In addition to the extramagnetospheric sources of Pc 3 pulsations, a specific mechanism of pulsations excitation can exist directly in the cusp region. In this case the cusp not only passively channels waves from the magnetosheath, but also plays an active role in pulsation generation. Among these mechanisms are generation of PilC emission by irregular fluxes of precipitated electrons, excitation of surface waves at the cusp boundaries, and different types of gradient and current plasma instabilities. A special class of specific cusp emission is the pulsed disturbances caused by flux transfer events (FTEs) and low-frequency irregular pulsations ipcl, vlp, np, etc. [ Lanzerotti and MacLennan, 1988]. Probably some of the sources listed above contributed to the observed Pc 4 pulsations; however, this problem has not been specially studied.
Engebretson et al.  noted that one should distinguish between the wideband noise bursts in Pc 3 frequency range typical of the polar cusp latitudes and accompanied by injection of electrons and the narrowband Pc 3 discussed above. The excitation of noise bursts is likely to occur in the region of the entry layers of the magnetosphere rather than in the cusp because the cusp [ Marklund et al., 1990] is characterized by uniform fluxes of injected low-energy electrons and the region of entry layers is characterized by irregular variations in fluxes with the energy of more than 10 keV. According to Engebretson et al. , the wave activity in the Pc 3 range is a superposition of the waves having the extramagnetospheric origin and the waves arising in the region of high-latitude field-aligned electric currents accompanied by modulated precipitation of electrons. In the suggested model [ Engebretson et al., 1987], hydromagnetic waves give rise to the ionospheric conductivity modulation, which leads to the intensity modulation of field-aligned currents of region 2. The modulated currents can become a source of supply of wave energy into the daytime magnetosphere.
In spite of a relation between intensifications of Pc 3 and Pc 4 pulsations, these types of disturbances apparently have different physical natures. This can be evidenced by differing characters of attenuation of these signals between the cusp region and middle latitudes. The low-frequency disturbances also manifest themselves at middle latitudes, their amplitude being 4-5 times smaller in comparison with the cusp region. At the same time, the Pc 3 pulsations of the cusp origin practically do not manifest themselves at middle latitudes at the background of the midlatitude pulsations, i.e., their amplitude decreases by more than an order of magnitude. Different degrees of signal attenuation can be the evidence of different characteristic sizes of the source, i.e., Pc 3 pulsations in the cusp region are much more local in comparison with the low-frequency disturbances.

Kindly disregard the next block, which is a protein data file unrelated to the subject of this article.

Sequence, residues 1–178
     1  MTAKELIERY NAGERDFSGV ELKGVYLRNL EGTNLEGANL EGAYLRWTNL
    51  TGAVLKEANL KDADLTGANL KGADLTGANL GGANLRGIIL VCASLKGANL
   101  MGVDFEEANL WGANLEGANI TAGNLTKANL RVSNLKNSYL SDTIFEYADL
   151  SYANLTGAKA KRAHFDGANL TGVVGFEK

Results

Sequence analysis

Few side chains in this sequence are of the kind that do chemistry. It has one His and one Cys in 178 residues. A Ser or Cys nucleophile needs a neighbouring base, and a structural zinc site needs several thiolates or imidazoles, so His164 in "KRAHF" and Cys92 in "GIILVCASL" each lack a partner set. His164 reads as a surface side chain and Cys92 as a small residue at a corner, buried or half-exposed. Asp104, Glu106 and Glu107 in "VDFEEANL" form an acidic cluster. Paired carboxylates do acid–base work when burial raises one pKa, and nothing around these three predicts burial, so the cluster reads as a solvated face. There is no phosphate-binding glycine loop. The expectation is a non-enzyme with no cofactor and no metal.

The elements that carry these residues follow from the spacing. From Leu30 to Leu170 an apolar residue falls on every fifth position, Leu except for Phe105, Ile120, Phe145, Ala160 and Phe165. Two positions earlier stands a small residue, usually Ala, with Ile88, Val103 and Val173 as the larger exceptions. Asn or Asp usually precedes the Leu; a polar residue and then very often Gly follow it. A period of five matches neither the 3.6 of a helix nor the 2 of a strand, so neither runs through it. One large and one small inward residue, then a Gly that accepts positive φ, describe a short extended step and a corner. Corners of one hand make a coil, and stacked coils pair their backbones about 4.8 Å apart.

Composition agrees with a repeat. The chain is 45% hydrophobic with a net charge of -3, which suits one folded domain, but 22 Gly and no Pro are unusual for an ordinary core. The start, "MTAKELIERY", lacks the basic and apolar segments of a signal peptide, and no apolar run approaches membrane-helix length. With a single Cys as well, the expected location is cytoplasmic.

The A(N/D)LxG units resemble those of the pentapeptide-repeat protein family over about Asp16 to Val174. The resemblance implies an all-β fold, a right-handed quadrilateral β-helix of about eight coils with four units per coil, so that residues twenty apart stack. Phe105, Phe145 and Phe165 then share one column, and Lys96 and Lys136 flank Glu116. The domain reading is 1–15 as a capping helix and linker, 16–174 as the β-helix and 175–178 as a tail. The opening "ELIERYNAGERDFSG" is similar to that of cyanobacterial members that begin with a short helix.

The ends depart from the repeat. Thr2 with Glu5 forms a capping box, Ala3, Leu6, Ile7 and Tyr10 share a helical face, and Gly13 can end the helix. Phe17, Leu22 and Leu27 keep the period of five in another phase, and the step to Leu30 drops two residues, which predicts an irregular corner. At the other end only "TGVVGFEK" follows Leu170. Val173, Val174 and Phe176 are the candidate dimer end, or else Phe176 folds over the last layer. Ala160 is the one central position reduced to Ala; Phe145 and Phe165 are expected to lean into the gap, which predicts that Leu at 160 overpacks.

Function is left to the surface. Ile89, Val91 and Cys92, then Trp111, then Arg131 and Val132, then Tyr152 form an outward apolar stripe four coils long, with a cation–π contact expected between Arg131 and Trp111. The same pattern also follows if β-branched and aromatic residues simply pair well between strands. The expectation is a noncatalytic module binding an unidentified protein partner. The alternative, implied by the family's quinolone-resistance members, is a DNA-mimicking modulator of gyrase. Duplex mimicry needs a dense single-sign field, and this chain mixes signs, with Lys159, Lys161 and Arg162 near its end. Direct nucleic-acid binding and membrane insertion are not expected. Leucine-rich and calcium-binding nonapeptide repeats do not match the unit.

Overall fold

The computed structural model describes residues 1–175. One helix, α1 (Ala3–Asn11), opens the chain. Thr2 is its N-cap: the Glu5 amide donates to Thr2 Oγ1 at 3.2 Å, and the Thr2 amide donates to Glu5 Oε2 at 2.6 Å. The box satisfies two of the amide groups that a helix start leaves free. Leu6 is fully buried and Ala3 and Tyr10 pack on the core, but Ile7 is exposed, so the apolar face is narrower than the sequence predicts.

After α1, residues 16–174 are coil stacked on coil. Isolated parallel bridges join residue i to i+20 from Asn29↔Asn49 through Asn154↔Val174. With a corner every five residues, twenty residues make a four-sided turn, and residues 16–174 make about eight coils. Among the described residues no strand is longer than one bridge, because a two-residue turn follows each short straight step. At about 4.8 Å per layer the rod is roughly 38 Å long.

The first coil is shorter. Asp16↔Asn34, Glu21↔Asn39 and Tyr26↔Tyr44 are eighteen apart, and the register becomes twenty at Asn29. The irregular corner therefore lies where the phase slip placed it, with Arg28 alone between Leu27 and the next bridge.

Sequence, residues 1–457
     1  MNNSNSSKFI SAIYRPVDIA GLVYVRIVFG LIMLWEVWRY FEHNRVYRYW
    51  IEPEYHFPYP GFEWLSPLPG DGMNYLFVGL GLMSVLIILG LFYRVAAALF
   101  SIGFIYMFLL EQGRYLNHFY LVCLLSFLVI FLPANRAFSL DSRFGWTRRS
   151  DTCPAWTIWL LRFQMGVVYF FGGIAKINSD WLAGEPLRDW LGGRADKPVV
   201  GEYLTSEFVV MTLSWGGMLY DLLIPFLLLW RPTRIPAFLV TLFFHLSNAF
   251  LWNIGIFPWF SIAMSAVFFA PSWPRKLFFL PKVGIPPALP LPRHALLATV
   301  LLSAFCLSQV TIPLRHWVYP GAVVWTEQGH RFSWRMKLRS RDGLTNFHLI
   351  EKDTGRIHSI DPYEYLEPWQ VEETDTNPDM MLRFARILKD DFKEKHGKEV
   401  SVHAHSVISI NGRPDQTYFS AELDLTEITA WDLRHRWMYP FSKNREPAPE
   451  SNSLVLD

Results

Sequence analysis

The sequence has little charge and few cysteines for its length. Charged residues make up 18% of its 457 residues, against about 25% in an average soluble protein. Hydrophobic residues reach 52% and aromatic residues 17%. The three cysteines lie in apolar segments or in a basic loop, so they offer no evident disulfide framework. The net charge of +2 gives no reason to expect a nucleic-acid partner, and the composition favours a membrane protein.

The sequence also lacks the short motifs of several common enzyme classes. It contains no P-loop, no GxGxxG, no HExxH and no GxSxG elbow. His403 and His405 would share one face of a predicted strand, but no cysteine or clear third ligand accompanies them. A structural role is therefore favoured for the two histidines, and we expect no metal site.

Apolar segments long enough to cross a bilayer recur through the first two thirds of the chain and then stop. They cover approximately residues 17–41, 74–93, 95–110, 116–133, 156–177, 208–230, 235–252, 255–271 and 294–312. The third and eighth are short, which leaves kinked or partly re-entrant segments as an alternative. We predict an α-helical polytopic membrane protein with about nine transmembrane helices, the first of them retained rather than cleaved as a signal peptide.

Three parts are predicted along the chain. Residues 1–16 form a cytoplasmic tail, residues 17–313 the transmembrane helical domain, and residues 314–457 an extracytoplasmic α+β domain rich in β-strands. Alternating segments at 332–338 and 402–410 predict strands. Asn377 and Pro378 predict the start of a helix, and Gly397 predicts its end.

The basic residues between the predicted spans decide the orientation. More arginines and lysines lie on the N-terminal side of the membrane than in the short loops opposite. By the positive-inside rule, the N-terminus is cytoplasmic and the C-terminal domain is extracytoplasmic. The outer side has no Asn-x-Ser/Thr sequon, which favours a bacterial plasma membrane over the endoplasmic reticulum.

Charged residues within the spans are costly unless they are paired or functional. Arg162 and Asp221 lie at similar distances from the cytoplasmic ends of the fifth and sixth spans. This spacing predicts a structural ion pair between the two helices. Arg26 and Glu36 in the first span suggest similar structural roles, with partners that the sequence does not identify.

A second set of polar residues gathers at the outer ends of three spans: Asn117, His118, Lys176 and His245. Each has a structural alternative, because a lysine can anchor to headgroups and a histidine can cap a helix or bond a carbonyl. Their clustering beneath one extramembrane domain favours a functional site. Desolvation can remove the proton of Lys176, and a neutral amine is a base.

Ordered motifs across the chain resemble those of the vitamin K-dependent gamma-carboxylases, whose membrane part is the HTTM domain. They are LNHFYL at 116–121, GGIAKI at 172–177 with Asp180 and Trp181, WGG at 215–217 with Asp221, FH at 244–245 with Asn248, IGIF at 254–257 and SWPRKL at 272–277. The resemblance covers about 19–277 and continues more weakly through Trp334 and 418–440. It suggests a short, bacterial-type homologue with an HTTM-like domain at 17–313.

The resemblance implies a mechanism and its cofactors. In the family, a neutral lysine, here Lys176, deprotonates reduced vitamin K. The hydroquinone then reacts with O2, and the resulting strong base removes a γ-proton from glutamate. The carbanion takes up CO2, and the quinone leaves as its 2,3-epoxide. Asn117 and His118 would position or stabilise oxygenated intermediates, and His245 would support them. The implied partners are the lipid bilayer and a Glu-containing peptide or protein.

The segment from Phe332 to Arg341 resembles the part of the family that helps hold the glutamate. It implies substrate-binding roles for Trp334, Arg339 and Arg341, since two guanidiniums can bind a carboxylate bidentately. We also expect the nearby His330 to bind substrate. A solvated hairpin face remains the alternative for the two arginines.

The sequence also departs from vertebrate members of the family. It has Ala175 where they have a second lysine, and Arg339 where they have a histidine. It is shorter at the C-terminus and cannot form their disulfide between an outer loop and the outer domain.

The existence of an interrelation between low-frequency disturbances and Pc 3-4 pulsations in high-latitude regions was also noted by Yagodkina and Vorob'yev . It was found that the occurrence of magnetic pulses arising owing to moving ionospheric vortices is accompanied by a short-term increase in the power of geomagnetic pulsations, preferentially of the Pc 3 range. These observations and also the time coincidence between the Pc 3 activity and the enhancement of low-frequency disturbances noted above can be the evidence of a local increase in the efficiency of penetration of the wave hydromagnetic energy into the magnetosphere during a sporadic breakdown of the magnetopause when the pulsed reconnection develops.
Comparison of direct simultaneous observations of geomagnetic Pc 3 pulsations at two observatories located at the polar ( F = 80o ) and middle ( F = 46o ) latitudes along approximately one geomagnetic longitude has shown that the general character of the regime of the Pc 3-4 pulsation intensification in the morning hours coincides at the two stations, the pulsation intensity near the cusp being several times higher than those at middle latitudes. However, individual wave envelopes of Pc 3 (25-40 mHz) turn out to be uncorrelated in the overwhelming majority of cases. In the afternoon hours the wave activity in the Pc 3 range at one observatory is not typically accompanied by an analogous activity at the other station.
Lower-frequency geomagnetic pulsations of the Pc 4 range (18-20 mHz) are usually better correlated at the two stations. It can be supposed that the Pc 3 pulsations in the morning hours at the near-cusp and middle latitudes have a common source, apparently the turbulent solar wind. However, the basic channels of penetration of the wave energy to middle and high latitudes are different. This is a direct penetration to the cusp and entry layers regions for DUM and propagation and resonant transformation in the near-equatorial magnetospheric plane for ADL. To study experimentally the\linebreak
\noindent Pc 3 pulsations of different origins and to obtain the picture of their spatial distribution along the meridian, further experiments with a dense network of stations at high latitudes are needed.